The Arzelà–Ascoli Theorem Part 1

# The Arzelà–Ascoli Theorem Part 1

We are now going to look at a very famous theorem known as The Arzelà–Ascoli Theorem. We will prove the theorem in three parts on **The Arzelà–Ascoli Theorem Part 1**, The Arzelà–Ascoli Theorem Part 2, and The Arzelà–Ascoli Theorem Part 3 pages.

First we review some important definitions.

- Recall from The Set of Real-Valued Continuous Functions on a Compact Metric Space X, C(X) that if $(X, d)$ is a compact metric space then the set of real-valued functions $f : X \to \mathbb{R}$ that are continuous is denoted $C(X)$.

- On the Boundedness of a Subset of C(X) page we saw that a collection of functions $\Gamma \subseteq C(X)$ is said to be bounded if there exists an $M \in \mathbb{R}$, $M > 0$ such that for all $f \in \Gamma$ and for all $x \in X$ we have that:

\begin{align} \quad \mid f(x) \mid \leq M \end{align}

- On the Equicontinuity of a Subset of C(X) page we saw that a collection of functions $\Gamma \subseteq C(X)$ is said to be equicontinuous on $X$ if for all $\epsilon > 0$ there exists a $\delta > 0$ such that for all $f \in \Gamma$ and for all $x, y \in X$, if $d(x, y) < \delta$ then:

\begin{align} \quad \mid f(x) - f(y) \mid < \epsilon \end{align}

Theorem 1 (The Arzelà–Ascoli Theorem): Let $(X, d)$ be a compact metric space, and for each $n \in \mathbb{N}$ let $f_n : X \to \mathbb{R}$ be a continuous function. Then if the sequence of functions $(f_n(x))_{n=1}^{\infty}$ in $C(X)$ is bounded and equicontinuous then there exists a uniformly convergent subsequence. |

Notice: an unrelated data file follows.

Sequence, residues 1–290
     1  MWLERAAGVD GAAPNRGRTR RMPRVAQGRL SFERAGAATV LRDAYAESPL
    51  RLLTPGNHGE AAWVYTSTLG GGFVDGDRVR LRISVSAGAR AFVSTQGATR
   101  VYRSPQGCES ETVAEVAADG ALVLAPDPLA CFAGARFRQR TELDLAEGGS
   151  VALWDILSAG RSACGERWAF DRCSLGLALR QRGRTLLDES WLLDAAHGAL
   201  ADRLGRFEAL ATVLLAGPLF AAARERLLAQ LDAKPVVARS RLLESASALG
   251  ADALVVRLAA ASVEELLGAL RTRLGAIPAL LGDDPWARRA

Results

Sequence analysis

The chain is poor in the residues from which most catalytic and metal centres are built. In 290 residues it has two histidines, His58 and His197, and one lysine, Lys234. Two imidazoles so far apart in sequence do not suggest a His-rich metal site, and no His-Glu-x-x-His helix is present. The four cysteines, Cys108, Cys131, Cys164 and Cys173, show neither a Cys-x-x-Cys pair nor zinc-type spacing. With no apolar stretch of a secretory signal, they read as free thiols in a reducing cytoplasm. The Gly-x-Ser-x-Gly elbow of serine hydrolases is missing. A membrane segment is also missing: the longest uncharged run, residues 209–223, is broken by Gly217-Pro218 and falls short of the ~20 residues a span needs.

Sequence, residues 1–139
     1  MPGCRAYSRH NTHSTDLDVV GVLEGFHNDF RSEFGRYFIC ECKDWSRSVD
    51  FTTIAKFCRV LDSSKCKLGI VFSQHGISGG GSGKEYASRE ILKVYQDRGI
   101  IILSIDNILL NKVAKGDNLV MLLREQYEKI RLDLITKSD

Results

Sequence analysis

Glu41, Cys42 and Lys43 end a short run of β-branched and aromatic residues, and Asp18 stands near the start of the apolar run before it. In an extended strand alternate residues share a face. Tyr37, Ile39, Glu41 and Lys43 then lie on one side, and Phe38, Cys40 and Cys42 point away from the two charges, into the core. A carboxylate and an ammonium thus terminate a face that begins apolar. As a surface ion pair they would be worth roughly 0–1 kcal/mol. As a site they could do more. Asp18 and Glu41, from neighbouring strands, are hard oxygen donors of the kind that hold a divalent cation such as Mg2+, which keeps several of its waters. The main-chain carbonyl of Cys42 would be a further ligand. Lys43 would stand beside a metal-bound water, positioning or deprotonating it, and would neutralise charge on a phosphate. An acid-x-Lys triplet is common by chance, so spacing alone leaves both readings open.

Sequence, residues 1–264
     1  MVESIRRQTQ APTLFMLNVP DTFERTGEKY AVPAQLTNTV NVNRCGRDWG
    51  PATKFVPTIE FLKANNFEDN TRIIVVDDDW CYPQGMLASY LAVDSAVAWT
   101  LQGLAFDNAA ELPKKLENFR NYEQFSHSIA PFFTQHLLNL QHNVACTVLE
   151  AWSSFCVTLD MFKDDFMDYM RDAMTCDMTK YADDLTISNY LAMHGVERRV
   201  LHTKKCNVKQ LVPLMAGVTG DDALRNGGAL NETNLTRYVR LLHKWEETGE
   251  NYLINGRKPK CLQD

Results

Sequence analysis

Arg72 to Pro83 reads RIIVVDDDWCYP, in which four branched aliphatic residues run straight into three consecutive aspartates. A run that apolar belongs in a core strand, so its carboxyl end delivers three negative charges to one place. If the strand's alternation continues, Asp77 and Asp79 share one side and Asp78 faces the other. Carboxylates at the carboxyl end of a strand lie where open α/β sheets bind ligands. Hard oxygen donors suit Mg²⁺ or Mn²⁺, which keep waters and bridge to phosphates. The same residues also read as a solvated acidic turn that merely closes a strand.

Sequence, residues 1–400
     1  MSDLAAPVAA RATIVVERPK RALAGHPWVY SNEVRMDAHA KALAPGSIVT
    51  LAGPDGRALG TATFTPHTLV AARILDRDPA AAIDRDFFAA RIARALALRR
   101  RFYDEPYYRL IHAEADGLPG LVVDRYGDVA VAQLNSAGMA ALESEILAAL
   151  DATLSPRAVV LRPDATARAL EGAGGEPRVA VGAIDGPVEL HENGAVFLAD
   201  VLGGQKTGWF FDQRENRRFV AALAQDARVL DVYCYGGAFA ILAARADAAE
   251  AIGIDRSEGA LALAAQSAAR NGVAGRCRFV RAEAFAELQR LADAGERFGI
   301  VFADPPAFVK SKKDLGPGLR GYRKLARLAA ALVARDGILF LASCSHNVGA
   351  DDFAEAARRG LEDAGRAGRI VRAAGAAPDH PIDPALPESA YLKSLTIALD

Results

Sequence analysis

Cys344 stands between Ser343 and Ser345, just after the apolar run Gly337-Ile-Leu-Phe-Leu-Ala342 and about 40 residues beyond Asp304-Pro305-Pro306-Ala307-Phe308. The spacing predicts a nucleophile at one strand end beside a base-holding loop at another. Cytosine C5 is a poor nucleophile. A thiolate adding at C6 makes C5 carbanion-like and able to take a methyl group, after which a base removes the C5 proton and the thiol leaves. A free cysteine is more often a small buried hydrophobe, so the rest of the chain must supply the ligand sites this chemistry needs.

**Proof:**We begin the proof by showing that there exists a subset $S \subseteq X$ that is countable and dense.

- Let $n \in \mathbb{N}$ and for each $x \in X$, consider the open ball centered at $x$ with radius $\frac{1}{n}$:

\begin{align} \quad B \left ( x, \frac{1}{n} \right ) = \left \{ y \in X : d(x, y) < \frac{1}{n} \right \} \end{align}

- Clearly we have that the union of these balls is an open covering of $X$ since each $x \in X$ is the center of one of these open balls, so, $\displaystyle{X \subseteq \bigcup_{x \in X} B \left ( x, \frac{1}{n} \right )}$.

- Since $(X, d)$ is a compact metric space there exists a finite subcollection of $\left \{ B \left (x, \frac{1}{n} \right ) : x \in X \right \}$ that also covers $X$. In other words, there exists $\left \{ B\left ( x_1, \frac{1}{n} \right ), B \left ( x_2, \frac{1}{n} \right ), ..., B\left (x_k , \frac{1}{n} \right ) : x_1, x_2, ..., x_k \in X \right \} \subseteq \left \{ B \left (x, \frac{1}{n} \right ) : x \in X \right \}$ such that:

\begin{align} \quad X \subseteq \bigcup_{i=1}^{k} B \left ( x_k, \frac{1}{n} \right ) \end{align}

- Let $S_n = \{ x_1, x_2, ..., x_k \}$. Then for each $n \in \mathbb{N}$, $S_n$ is countable, and furthermore, if we let $S = \bigcup_{n=1}^{\infty} S_n$ then $S$ is also countable (as it is a countable union of (finitely) countable sets). We claim that $S$ is also dense.

- Let $x \in X$ and $r > 0$ and consider the intersection of $S$ with the open ball $B(x, r)$:

\begin{align} \quad S \cap B(x, r) = \left ( \bigcup_{n=1}^{\infty} S_n \right ) \cap \left \{ y \in X : d(x, y) < \frac{1}{r} \right \} \end{align}

- For each $r > 0$, there exists an $n_r \in \mathbb{N}$ such that $\frac{1}{n_r} < \frac{1}{r}$. For each point $y \in B(x, r)$ we have that $d(x, y) < \frac{1}{r}$, and since every point $y \in X$ is of a distance of less than $\frac{1}{n_r}$ of a point in $S_{n_r} \subset S$. So $S \cap B(x, r) \neq \emptyset$, so $S$ is a countable dense subset of $X$.